Pirates, officers, and high art abound in 'Vermeer's Hat'

An intelligent, creative new history by Timothy Brook explores the art of Johannes Vermeer – and by extension, the sprawling canvas of the 17th century.

Still lifes always struck me as kind of boring – just a bunch of fruit piled in a bowl. Clearly, my powers of observation are lacking. Historian Timothy Brook takes one piece of porcelain in a painting by Dutch artist Johannes Vermeer and uses it to explain 17th-century trade with China, with forays into piracy and the laws of the sea in his intelligent, creative new history, "Vermeer's Hat."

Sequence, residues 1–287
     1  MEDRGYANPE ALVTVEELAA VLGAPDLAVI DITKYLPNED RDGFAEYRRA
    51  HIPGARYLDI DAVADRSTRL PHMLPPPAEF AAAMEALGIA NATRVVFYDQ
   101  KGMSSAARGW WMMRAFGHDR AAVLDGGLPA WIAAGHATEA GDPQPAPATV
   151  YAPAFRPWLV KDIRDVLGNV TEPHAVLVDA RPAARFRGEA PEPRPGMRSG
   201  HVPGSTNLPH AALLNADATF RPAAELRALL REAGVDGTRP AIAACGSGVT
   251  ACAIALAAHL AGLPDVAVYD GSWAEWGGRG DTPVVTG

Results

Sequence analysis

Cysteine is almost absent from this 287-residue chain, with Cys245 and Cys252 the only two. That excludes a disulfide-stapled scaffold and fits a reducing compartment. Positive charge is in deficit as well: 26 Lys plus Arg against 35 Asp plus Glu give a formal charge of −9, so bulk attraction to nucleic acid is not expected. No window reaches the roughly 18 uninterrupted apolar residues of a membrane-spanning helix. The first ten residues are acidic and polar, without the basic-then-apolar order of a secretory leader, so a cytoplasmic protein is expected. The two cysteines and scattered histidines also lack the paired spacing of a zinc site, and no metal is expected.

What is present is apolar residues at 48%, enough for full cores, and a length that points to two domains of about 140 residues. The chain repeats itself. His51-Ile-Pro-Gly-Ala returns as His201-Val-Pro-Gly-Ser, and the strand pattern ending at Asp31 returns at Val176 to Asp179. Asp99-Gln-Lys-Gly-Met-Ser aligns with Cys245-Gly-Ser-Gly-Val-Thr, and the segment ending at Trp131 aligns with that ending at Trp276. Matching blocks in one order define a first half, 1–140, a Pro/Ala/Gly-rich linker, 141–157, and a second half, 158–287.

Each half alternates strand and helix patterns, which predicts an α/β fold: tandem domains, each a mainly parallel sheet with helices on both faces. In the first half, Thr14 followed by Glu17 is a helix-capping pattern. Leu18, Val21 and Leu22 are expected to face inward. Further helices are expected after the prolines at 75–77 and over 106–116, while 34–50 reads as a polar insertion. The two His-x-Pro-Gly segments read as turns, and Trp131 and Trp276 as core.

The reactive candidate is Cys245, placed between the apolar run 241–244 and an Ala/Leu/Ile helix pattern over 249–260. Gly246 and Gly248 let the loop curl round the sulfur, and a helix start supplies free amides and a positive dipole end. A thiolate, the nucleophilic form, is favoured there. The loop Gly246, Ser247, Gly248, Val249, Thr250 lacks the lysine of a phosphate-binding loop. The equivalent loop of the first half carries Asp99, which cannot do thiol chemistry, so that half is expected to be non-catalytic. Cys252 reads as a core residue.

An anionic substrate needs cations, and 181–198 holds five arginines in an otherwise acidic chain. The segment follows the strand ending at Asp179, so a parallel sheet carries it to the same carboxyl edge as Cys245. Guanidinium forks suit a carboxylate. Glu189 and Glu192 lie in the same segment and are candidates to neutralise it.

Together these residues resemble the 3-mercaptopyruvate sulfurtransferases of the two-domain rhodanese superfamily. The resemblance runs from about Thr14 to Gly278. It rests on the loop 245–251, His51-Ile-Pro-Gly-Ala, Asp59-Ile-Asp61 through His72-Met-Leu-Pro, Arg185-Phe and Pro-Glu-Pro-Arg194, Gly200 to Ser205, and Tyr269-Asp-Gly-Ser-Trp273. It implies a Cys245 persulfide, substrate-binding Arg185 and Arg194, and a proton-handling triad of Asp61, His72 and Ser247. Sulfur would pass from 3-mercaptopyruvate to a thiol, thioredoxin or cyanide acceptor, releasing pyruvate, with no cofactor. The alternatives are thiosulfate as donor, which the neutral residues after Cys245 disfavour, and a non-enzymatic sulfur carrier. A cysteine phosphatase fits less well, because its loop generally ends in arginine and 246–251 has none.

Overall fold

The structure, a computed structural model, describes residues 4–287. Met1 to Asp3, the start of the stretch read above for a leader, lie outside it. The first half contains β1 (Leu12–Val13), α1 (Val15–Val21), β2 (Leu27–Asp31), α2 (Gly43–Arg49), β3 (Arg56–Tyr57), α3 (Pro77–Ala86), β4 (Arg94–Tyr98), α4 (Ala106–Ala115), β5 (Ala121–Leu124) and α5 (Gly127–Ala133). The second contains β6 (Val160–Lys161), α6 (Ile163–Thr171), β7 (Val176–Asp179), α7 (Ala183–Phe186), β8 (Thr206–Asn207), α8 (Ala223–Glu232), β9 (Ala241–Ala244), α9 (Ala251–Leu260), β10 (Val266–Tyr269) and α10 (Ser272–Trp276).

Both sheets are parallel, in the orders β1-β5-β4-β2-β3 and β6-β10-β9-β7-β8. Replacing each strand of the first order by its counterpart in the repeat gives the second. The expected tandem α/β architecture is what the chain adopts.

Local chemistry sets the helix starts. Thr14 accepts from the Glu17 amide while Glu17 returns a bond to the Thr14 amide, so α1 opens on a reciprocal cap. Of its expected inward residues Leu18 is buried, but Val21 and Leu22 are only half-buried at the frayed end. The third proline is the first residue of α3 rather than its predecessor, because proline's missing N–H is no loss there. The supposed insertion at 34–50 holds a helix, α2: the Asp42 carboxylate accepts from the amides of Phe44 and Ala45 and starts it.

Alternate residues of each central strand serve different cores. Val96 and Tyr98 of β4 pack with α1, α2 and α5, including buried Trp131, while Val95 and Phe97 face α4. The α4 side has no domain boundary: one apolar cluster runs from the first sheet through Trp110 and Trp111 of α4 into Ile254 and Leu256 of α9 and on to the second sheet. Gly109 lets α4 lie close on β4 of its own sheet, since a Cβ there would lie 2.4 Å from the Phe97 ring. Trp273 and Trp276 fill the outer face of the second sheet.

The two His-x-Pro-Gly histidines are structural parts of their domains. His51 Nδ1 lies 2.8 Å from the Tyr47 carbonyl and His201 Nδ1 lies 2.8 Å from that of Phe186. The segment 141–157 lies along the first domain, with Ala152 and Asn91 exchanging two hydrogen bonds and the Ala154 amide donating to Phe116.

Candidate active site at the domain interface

The 17th century, Brook argues, was the beginning of global interconnection. "People were now regularly arriving from elsewhere and departing for elsewhere," carrying with them objects never before seen there. The Dutch, with their East India Company, were at the heart of global trade in the 1600s, and Brook turns Vermeer's intimate scenes into huge landscapes detailing that world. In the book's best chapter, the felt hat worn in "Officer and Laughing Girl," made from beaver fur, takes us all the way to North America, where French explorers decimated native populations as a side effect in their search for a Northwest Passage. Brook's wide-ranging interests in both art and history carry the less erudite reader along with him, making one instantly forgive him for pretentious questions like "What do we see?" (Well, a bunch of typeface, actually.) Readers will never look at a Vermeer – or a soup plate – the same way again. Grade: A-

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